Willard Libby

The University of Chicago

December 17, 1908 - September 8, 1980


Election Year: 1950
Scientific Discipline: Chemistry
Membership Type: Member

Physical chemist Willard Libby contributed to the development of several nuclear chemical processes. During World War II he joined the Manhattan Project at Columbia University, where he created the gaseous diffusion method of separation for the isotope of uranium that was used in the atomic bomb. In 1960 he won the Nobel Prize in Chemistry for his work with the naturally occurring isotope carbon 14. He led the team that developed radiocarbon dating, which is used to determine the age of archeological and geological specimens. He also observed that radioactive hydrogen, or tritium, could be used to date water.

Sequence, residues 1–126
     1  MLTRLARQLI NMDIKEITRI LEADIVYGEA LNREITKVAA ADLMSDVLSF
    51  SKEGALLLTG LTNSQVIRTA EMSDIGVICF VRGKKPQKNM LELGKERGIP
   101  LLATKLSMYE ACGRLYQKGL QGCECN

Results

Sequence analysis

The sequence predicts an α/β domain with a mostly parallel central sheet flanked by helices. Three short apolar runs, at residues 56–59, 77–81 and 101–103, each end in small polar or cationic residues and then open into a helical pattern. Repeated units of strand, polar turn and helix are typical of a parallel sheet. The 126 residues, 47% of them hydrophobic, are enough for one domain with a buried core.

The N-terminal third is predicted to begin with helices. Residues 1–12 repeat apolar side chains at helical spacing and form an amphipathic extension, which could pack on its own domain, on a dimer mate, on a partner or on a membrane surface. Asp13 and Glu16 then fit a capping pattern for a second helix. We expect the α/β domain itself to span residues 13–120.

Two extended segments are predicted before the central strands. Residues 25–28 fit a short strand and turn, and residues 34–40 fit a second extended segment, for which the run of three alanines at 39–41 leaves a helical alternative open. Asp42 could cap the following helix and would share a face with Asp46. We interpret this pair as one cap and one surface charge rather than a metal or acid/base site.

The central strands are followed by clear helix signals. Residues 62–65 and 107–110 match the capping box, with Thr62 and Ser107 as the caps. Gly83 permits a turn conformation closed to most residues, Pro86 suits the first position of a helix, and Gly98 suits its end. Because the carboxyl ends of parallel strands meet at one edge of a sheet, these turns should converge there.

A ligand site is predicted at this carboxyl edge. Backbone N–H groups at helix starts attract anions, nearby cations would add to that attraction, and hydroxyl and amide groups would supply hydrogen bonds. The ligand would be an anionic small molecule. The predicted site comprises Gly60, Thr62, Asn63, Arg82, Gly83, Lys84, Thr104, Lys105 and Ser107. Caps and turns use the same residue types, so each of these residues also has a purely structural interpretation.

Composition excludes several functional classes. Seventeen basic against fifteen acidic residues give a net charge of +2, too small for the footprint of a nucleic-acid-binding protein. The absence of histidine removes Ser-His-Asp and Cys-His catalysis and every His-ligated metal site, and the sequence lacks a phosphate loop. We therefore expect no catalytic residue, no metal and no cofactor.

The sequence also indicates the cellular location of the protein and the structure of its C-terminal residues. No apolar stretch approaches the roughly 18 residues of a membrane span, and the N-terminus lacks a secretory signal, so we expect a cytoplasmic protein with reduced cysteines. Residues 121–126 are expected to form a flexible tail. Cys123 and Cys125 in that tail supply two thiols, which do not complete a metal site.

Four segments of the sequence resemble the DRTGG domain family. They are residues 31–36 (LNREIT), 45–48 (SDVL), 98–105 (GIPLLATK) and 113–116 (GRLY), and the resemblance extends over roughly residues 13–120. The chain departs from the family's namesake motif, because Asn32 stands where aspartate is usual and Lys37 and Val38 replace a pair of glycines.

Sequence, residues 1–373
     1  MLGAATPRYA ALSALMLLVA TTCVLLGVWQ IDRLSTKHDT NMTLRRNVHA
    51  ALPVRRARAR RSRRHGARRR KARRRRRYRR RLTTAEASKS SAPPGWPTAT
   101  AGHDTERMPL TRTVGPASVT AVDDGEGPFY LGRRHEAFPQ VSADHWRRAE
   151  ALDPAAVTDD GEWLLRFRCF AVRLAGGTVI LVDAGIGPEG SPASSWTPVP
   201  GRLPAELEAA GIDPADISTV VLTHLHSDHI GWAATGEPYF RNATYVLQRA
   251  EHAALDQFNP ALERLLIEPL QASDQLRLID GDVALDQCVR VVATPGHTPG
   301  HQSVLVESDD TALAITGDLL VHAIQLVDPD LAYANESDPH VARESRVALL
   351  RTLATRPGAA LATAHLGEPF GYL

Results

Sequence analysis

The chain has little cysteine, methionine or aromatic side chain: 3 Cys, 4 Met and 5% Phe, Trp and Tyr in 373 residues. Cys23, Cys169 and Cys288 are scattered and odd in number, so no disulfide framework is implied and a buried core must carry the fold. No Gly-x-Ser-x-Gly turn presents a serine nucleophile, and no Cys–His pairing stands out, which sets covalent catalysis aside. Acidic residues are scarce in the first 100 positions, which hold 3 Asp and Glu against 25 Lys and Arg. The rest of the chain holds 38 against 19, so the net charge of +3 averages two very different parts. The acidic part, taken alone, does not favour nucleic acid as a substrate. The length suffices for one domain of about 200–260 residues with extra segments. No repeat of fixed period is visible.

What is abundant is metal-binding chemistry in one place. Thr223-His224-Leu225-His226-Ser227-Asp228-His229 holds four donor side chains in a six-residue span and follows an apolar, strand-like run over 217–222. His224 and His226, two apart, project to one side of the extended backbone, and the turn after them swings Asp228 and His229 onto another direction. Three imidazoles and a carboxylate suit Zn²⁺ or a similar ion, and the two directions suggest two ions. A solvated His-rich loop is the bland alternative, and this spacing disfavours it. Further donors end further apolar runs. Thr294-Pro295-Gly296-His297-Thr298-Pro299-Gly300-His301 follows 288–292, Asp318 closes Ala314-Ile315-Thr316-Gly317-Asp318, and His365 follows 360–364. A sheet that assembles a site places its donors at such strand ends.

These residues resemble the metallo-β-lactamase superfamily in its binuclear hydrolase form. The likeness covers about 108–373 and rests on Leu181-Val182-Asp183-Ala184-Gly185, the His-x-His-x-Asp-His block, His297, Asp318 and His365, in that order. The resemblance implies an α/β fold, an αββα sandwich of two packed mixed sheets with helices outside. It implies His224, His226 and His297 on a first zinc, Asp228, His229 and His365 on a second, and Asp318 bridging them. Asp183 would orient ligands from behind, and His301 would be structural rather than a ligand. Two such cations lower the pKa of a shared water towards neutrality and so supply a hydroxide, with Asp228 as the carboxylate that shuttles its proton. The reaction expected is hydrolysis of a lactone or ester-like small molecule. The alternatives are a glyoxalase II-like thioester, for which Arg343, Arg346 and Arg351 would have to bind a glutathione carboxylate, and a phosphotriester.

Libby attended the University of California, Berkeley, where he earned his BS degree in 1931 and his PhD in 1933. He served as an instructor of chemistry there until 1941, when he was awarded a fellowship at Princeton University. After World War II and his work on the Manhattan Project, Libby joined the faculty at the University of Chicago as a professor of chemistry. In 1954 he was appointed to the U.S. Atomic Energy Commission, where he implemented nuclear processes developed during the Manhattan Project. He then moved to the University of California, Los Angeles in 1959 as a professor of chemistry and also served as the director of the University of California Institute of Geophysics and Planetary Physics.

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